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I Electrostatic potential a a point, the pluses and minuses

  1. Apr 25, 2016 #1
    On calculating the electrostatic potential at a point due to charge q, by definition, it is the work done to bring a unit positive charge from infinity to that point. Trying to find it mathematically, it should be

    ∞→R ∫E.dr where E = k* q/r*r

    On evaluating the integral, i find a minus sign in the answer which is -kq/R. I have a few doubts regarding this.

    1.Is potential energy the work done by external force against the electrostatic force or the work done by the electrostatic force itself.

    2. If there is a minus sign in the work done, it should be the case where the work done is by the system, that is without any external force, the body must move from initial to final position yielding that amount of energy. Which cannot be the case with a positive charge if the source charge at the centre is also positive.
     
    Last edited: Apr 25, 2016
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  3. Apr 25, 2016 #2

    jbriggs444

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    Examine that result carefully. You have a definite integral in terms of R. You have expressed the result in terms of r.
     
  4. Apr 25, 2016 #3
    Thank you and apologies jbriggs444. I have made the correction, editing the post. Kindly consider the edited post.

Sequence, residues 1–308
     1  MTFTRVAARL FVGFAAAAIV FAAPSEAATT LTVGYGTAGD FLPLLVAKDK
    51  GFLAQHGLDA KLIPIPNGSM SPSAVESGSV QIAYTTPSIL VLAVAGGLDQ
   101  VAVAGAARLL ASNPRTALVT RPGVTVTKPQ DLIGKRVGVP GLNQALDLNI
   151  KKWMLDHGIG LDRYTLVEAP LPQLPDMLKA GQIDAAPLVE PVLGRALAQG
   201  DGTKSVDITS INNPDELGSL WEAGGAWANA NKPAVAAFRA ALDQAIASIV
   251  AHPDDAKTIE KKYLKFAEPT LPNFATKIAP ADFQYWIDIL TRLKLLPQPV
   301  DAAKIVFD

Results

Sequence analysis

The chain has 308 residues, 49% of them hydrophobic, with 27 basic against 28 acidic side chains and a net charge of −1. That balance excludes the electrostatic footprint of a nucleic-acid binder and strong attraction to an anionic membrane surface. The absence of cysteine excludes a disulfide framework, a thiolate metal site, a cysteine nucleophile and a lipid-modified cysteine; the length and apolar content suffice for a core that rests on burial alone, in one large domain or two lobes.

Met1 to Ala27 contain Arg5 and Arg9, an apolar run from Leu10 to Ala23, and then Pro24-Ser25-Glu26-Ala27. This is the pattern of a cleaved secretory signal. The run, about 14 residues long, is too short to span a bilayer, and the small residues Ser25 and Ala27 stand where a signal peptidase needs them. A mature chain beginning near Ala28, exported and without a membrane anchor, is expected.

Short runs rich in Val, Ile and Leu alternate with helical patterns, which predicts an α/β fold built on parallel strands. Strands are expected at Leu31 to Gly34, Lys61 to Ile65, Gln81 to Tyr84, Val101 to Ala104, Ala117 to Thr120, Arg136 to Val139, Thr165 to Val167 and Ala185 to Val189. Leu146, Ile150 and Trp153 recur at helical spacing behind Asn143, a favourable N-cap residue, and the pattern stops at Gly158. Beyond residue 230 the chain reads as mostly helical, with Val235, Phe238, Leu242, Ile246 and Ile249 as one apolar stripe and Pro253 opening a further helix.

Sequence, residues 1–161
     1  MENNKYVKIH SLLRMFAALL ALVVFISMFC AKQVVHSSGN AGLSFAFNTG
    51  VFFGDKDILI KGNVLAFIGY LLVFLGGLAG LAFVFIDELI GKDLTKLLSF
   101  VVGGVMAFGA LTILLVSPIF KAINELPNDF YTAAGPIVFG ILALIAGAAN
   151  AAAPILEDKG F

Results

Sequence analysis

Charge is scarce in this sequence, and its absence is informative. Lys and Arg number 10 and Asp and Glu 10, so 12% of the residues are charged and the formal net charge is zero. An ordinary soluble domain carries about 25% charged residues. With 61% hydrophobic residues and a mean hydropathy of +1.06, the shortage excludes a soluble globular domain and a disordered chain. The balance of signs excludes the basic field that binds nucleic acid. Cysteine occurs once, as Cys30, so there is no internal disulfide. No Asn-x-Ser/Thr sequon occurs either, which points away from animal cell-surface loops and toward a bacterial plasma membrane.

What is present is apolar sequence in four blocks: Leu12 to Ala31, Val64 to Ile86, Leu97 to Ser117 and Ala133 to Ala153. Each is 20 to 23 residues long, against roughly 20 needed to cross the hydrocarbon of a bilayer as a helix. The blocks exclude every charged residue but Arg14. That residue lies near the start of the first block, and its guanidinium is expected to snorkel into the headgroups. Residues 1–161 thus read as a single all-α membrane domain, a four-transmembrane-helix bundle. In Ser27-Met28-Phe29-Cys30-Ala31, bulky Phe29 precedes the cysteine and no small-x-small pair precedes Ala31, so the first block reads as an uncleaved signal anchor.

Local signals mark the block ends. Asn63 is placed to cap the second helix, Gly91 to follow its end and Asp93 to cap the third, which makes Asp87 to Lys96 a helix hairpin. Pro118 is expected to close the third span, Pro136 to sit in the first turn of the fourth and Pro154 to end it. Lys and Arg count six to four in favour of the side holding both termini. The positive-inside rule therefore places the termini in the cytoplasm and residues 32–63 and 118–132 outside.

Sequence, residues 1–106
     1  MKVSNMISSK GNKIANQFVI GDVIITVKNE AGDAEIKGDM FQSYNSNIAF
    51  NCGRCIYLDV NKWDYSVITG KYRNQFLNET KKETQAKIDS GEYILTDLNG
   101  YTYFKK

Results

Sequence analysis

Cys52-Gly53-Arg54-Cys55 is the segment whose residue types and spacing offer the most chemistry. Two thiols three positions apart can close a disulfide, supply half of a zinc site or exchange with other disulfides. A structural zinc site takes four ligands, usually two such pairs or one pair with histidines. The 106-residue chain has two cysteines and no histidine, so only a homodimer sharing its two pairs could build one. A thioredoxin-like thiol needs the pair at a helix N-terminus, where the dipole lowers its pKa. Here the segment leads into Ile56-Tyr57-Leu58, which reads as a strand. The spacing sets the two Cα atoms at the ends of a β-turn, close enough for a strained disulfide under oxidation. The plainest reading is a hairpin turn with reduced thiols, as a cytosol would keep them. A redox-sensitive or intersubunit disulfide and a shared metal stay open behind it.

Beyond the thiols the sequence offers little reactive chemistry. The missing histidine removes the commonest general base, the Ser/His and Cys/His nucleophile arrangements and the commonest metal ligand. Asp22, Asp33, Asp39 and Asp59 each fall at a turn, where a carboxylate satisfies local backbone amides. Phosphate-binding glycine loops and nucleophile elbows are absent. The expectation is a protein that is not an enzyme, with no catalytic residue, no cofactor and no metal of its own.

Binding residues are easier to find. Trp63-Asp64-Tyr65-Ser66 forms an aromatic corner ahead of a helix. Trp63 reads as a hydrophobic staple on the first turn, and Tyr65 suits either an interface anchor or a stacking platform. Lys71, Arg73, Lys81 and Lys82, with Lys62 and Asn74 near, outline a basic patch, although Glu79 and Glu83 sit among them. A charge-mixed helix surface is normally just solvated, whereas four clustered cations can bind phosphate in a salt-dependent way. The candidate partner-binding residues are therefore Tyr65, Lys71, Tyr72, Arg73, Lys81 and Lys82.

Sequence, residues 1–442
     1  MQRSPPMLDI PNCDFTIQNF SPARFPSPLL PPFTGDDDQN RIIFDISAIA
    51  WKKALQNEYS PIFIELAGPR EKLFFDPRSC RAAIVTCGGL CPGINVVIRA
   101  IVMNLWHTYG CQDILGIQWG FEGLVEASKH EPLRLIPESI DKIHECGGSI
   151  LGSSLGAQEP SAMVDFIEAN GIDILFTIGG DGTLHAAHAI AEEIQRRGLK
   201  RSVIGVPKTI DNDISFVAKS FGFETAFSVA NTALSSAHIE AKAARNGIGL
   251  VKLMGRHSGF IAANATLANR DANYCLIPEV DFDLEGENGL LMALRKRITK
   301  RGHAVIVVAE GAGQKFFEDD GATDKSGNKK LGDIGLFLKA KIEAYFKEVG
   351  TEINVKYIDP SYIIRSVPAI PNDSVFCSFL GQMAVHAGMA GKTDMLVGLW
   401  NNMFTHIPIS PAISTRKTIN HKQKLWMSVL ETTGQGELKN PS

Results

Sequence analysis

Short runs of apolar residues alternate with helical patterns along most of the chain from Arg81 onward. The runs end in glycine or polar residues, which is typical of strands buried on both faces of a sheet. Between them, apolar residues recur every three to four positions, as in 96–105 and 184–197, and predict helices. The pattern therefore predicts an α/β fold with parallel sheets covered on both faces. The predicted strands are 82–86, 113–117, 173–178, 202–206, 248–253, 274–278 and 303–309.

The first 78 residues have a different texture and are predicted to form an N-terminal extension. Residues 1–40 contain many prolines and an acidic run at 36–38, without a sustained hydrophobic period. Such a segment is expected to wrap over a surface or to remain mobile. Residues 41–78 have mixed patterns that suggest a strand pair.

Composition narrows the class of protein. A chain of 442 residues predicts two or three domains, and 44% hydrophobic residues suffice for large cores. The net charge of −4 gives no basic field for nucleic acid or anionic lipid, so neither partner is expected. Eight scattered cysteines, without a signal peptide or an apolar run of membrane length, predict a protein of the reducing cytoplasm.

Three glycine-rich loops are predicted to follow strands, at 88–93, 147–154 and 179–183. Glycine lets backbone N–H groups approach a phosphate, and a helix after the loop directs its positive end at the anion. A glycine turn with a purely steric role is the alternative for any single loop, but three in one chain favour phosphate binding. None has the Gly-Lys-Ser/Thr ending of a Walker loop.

5. Apr 25, 2016 #4

    jbriggs444

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    Be careful with your signs. This is a definite integral from ∞ to R. Should the result differ from a definite integral from R to ∞?
     
  6. Apr 25, 2016 #5
    On solving the integral

    ∞→R ∫E.dr where E = k* q/r*r , becomes,

    = ∞→R ∫k*q/r*r dr

    = k*q ∞→R∫1/r*r dr

    = k*q [-1/r] upper limit - R lower limit - ∞

    = k*q [-1/R - -1/∞]

    = k*q [-1/R]

    = -q*k/R

    This i believe is the simplification of the integral. But in terms of the physics, there should not be a minus sign there. Am i missing something or is there any conceptual mistake in the way i take the integral.
     
  7. Apr 25, 2016 #6

    jbriggs444

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    My apologies. Your work is sound. You have successfully calculated the work done by electrostatic repulsion as a unit charge is brought from infinity to a separation of R. Your original question:
    is apt. The potential energy is the work done by the external force.
     
  8. Apr 25, 2016 #7
    I believe that i have calculated the work done by the applied force, because,on calculating the work done by the electrostatic repulsion which is towards infinity, the angle between displacement and the repulsive force must be 180 and E.r becomes - Er. The reason why i chose E.r as Er is because the applied force, which must be equal and opposite to the electrostatic repulsion takes place in the direction of the displacement and hence the angle between them is 0, making cosθ = 1.

    Which is making me wonder why the work done by the applied force is obtained as negative which should come out as positive.
     
  9. Apr 25, 2016 #8
    Another question i have on this regard is, on applying definite integral to find work done, we integrate F.dx and apply lower and upper limits. Should we apply the dot product, before integration , that is -1 for θ = 180, 1 for θ = 0. Or will the limits applied and their values suffice. I have seen a famous lecture in which to find gravitational potential energy, on finding the work done in bringing a mass m from infinity to a point R , ∫F.dr is solved as ∫F*dr which actually should be a ∫-F*dr because applied force in that case is against gravitational attraction which must give cosθ as -1.